Solid Gold FX Electroman Pedal Review
March 15, 2011
|Download Example 1
Fender Strat, Bridge Pickup, Level 3 o'clock, Repeat 3 o'clock, Tone 9 o'clock, Time 1 o'clock. Warp switch engaged on every 4th chord. Warp switch held on last chord to illustrate how the self-oscillation can drive an amplifier.
|Download Example 2
Same settings as above but Time knob is twisted after self-oscillation begins to illustate pitch bending effect.
|Download Example 3
Gibson SG, Bridge Pickup, Level noon, Repeat 2 o'clock, Tone 9 o'clock, Time 1 o'clock.
|All clips were input into an Electro-Harmonix 44-Magnum power amp feeding an Emperor solid birch 4x12" with Weber C1265s recorded using a Shure SM57.|
Built For Space Travel
Solid Gold FX makes little effort to conceal the Electroman’s potential for out-there sonics. The neon, alien-green-on-black, LED-inspired graphics give you the sense this might be an instrument left behind in an alien abduction (or at least a movie about one). But the true-bypass Electroman doesn’t require a degree in astrophysics—it’s easy to operate and navigate.
There are knobs for Level, which sets the level of the delayed signal, and Repeat (otherwise known as feedback), which dials in the level of an echo relative to its previous echo. The Tone knob determines the level of filtering applied to each delay repeat, and the Time control sets the amount of time between echoes, which ranges from short slapback echoes up to 600 ms of delay.
Two footswitches, Bypass and the enticing Warp switch (which induces a self-oscillation effect), round out the Electroman’s controls. In addition to 1/4" input and output jacks, a 1/4" effects loop jack lets you add additional textures to the delay via outboard effects and a TRS Y cable.
With a Fender Stratocaster in hand, I began my first investigations of the Electroman’s capabilities with tweaks of the Tone control. Rolling off the Tone control darkens successive repeats by filtering away high frequencies. As with a vintage tape unit, this makes each echo progressively less apparent. But much to the delight of my analog-synth-fixated ear, it also imparts some qualities of low-pass filtering that give the Electroman an individual sonic signature.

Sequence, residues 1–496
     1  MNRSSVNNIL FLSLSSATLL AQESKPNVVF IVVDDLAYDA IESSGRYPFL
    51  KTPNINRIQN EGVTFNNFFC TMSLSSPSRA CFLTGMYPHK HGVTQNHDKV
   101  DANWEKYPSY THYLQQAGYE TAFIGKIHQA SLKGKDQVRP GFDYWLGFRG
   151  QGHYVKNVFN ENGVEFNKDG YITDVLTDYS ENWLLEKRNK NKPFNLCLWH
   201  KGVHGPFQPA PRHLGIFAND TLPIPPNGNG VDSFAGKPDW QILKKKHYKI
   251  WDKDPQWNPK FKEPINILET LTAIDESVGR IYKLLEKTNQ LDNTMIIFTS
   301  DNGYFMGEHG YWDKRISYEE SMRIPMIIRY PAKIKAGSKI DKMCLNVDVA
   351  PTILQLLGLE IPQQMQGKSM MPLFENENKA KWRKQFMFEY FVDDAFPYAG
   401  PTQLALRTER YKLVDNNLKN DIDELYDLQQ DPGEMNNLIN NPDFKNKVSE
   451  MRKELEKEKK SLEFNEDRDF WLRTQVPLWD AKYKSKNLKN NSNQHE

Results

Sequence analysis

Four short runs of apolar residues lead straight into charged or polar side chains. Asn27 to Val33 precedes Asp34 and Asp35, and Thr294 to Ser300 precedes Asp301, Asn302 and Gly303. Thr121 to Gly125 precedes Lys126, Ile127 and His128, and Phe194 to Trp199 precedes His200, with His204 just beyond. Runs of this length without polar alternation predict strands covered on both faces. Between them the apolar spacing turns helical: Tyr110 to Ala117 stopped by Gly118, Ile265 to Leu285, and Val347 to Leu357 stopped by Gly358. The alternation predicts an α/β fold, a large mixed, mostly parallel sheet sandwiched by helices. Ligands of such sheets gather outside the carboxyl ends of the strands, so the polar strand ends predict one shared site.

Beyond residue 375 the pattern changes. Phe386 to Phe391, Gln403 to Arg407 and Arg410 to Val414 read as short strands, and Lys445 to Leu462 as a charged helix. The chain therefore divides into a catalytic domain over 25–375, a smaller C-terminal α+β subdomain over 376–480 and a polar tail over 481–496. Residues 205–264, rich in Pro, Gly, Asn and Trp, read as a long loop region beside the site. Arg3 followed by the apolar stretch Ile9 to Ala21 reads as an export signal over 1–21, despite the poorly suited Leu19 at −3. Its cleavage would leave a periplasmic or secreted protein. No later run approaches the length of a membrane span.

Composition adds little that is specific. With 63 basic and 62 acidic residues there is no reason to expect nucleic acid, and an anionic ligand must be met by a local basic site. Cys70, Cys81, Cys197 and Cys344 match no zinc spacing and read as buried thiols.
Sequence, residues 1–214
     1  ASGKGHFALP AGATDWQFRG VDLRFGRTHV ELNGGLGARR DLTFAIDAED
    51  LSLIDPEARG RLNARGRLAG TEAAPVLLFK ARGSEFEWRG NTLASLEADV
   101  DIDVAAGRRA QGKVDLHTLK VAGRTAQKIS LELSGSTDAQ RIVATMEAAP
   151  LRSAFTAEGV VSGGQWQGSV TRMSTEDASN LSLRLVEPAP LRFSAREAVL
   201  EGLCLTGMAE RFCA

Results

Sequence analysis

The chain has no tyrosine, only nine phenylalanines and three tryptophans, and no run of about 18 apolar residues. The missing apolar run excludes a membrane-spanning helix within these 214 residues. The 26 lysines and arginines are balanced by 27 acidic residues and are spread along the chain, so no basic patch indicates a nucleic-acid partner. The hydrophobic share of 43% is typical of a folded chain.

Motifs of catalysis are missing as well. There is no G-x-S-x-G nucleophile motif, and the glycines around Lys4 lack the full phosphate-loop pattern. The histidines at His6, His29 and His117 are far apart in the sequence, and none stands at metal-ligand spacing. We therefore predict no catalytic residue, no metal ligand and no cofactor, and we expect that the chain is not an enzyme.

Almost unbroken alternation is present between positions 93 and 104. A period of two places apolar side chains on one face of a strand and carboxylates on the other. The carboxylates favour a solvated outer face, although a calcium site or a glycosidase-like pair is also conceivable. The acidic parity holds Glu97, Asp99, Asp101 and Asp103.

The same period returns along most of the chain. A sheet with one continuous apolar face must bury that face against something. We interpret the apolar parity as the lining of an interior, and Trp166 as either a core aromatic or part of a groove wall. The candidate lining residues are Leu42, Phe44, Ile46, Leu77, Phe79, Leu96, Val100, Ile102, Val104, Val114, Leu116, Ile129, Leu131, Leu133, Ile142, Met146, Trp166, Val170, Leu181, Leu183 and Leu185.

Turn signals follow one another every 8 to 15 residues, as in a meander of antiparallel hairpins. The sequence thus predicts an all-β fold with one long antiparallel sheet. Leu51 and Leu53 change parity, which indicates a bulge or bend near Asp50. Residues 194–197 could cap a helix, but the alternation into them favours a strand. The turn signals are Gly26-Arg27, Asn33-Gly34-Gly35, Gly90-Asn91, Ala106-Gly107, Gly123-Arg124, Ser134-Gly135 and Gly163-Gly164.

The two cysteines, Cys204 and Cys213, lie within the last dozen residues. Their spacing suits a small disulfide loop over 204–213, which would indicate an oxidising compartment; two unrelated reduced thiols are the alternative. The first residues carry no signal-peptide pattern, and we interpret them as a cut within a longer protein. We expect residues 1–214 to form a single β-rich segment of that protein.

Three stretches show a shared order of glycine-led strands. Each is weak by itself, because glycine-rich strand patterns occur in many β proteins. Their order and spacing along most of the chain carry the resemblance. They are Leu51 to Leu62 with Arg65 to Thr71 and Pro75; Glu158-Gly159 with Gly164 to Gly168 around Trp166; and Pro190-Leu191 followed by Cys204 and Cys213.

Bringing the Tone control up brightens the delays, but interestingly, I never landed on a setting that sounded like unfiltered, mirror-image echoing. There almost always seemed to be some sort of tone coloration, which gives the Electroman’s delayed signal a singing resonance and pleasing harmonic richness that lends a cool vintage touch and helps the Electroman carve out sonic territory without getting too muddy.
Toying with the Repeat knob reveals more about the wilder side of the Electroman. With the Repeat set to three o’clock, you’ll get an infinitely recurring signal and anything higher will eventually self-oscillate. You can keep this effect mellow and understated, of course. By setting the Repeat control low and cranking the Tone control, I was able to achieve a really convincing 1950s-style slapback echo that would be great for country and rockabilly.
But inverting the settings of those two controls gave me a dark and lingering shoegazey delay that faded very slowly. And using those settings with the Warp switch transformed the sound more radically still. Instead of delicately undulating towards silence, the echoes gradually become louder and louder, eventually shrieking and pounding as if you were concurrently cranking the repeat and level controls on an analog or tape delay. And the real beauty of the Warp switch is that releasing it will taper the oscillation before it can overwhelm or destroy a song or your audience’s eardrums. This produces a natural crashing wave of sound that is great for transitions between songs in a performance or punctuating a solo section.
Sending the Electroman into self-oscillation does not mean you’ve reached the limit of the pedal’s possibilities. With the Warp switch depressed, you can still tweak the Time control to pitch-bend the oscillations, creating a cool Doppler effect. And with the effects loop, you can color the delayed signal in ways that lend more dimension than simply placing an overdrive or distortion in front of a delay.
In terms of features and sounds, the Electroman is most inspired by vintage tape delays. As such, it lacks some features that modern players are accustomed to, such as tap tempo, stereo output, ultra-long delays, and expression-pedal control. On the other hand, the Electroman is delightfully simple to operate and delivers sweet tone. And practical features like its effects loop can extend the pedal’s capabilities in unique ways. Add the amazingly cool Warp and self-oscillating feature into the mix, and you have a delay that may guide you into some very unexpected realms.
At $225, it’s a little pricier than your average off-the-shelf, mass-manufactured delay unit. But the Electroman is not as expensive as many boutique pedals that don’t have its sound-warping potential. And if you’re into custom graphics, there’s even a one-of-a-kind airbrushing option for personalizing your pedal. But even if you’re just looking for a great sounding, handmade, high-quality stompbox that can also take you on some less-than-conventional sonic sojourns, the Electroman is an echo machine well worth investigating.
you want a less-generic sounding digital delay with the capability to deliver unusual oscillation effects.
you need more than 800 ms of delay, stereo output, expression pedal control, or tap tempo.
Street $225 - Solid Gold FX - solidgoldfx.com